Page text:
Is your thumb in need of some greening? Get in touch with your inner green by designing a small and simple garden for your home or office. Consider growing a few herbs and vegetables in that small plot in the yard or on the roof-top of your office building. Such a project can benefit involved individuals, function to build communities and connect all to their dependence on the environment through food.
A garden produces food, but the act of planting and maintaining a garden has green advantages besides local, homegrown veggies. The garden in your home or office can be a community-building activity that encourages environmental awareness. It is relaxing hobby as well as an educational tool. Your family or staff can work individually or collectively on the garden, which itself can convey a connection between ourselves and the environment. Also note that gardens can positively contribute to the LEED certification of a building (make sure they meet LEED requirements for greenroofs though!).
To begin your garden:
1. Determine location: This will most likely depend on what space you have available and what type of plants you’d like to grow. Don’t worry if only a partially shaded spot is available because many plants thrive in those conditions. To determine what plants will do best in what conditions, whether you have a place in mind or have a plant in mind first, simply look at the facts provided on seed packets or tags.
2. Check your soil: Measure the pH of the soil and determine the type of soil you are working with such as sandy, rocky or clay. Match these soil conditions with the plant specifics on tags or seed packets. Soils can be improved with organic matter like compost.
3. Prepare the plot by either smothering or removing the pre-existing grasses and weeds. Consider constructing a raised-bed if you are designing a garden on a roof-top or another place where ground space is not available.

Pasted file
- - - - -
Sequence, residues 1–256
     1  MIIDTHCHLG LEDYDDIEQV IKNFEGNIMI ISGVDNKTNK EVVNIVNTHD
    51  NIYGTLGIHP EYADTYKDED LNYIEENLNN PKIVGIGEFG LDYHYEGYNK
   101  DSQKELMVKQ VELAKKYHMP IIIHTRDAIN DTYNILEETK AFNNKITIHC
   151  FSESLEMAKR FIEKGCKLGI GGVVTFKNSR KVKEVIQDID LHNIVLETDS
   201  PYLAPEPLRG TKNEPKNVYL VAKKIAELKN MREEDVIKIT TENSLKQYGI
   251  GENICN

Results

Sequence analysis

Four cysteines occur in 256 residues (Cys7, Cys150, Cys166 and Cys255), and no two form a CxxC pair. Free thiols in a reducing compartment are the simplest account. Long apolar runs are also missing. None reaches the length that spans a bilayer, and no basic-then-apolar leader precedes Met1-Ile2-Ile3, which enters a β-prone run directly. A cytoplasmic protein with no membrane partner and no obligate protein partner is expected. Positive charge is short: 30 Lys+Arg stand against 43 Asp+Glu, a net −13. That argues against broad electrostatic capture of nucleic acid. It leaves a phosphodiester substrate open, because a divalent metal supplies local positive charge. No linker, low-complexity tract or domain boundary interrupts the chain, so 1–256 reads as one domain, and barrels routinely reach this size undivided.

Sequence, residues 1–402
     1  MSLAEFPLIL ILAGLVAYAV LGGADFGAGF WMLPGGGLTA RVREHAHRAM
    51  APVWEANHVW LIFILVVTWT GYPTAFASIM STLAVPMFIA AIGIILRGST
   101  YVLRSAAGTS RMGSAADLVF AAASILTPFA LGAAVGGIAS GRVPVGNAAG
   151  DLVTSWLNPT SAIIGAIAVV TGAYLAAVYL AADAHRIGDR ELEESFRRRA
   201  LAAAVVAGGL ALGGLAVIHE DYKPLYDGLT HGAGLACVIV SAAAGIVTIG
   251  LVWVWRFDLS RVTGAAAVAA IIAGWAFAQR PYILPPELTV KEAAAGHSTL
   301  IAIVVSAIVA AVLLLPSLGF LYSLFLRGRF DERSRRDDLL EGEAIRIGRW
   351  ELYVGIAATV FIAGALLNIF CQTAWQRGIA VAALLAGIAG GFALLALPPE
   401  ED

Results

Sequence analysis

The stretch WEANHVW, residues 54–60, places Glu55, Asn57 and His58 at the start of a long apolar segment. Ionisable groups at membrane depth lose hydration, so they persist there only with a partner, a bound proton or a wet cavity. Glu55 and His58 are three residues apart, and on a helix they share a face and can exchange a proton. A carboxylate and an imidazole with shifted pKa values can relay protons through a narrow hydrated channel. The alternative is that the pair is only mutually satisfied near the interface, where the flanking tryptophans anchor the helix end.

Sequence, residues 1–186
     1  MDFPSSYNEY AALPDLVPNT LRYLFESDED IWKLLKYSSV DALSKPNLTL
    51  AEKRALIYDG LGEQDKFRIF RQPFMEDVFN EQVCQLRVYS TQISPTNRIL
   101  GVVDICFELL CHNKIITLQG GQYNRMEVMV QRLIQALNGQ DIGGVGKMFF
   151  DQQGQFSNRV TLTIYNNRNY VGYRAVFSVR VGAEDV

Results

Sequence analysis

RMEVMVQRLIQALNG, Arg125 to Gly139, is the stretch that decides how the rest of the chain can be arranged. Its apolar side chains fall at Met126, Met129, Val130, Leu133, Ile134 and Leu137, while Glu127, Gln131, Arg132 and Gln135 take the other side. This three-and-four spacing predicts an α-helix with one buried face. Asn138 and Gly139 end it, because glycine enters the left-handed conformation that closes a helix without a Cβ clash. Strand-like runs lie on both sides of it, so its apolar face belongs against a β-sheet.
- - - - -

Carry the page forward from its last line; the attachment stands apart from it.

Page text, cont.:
4. Plant: The plants can be started from seed in small pots indoors and then transplanted or grown strictly outside depending on the local climate of your area. Water your plants thoroughly when first planted.
5. General maintenance: Water (about 1 inch a week unless it rains), weed, remove old blossoms and ripe fruit promptly, and undertake general maintenance on a regular basis.
While you’re at it, homemade compost would go quite nicely with a newly planted garden. Compost can add nutrients in the form of organic matter that improve soil quality. Make the food cycle in your home or office full-circle by producing food and then turning your food waste into nutritious compost for your garden. No, it doesn’t have to be smelly. Just keep a tupperware container in your kitchen in which you and your family or staff can throw food scraps. Food items that are best included in compost are uncooked foods and non-meat items. When full, simply empty the compost into a larger heap or enclosed bin. If the compost is warm (between 90-140 degrees F) and moist (40-60% moisture content) then food waste is being degraded efficiently. The decomposition process requires oxygen so turn or mix the pile on a regular basis. When decomposed, apply the compost to your garden. For more info, check out these sites: howtocompost and The Compost Guide.
Good luck with your garden and enjoy the fruits of your labor!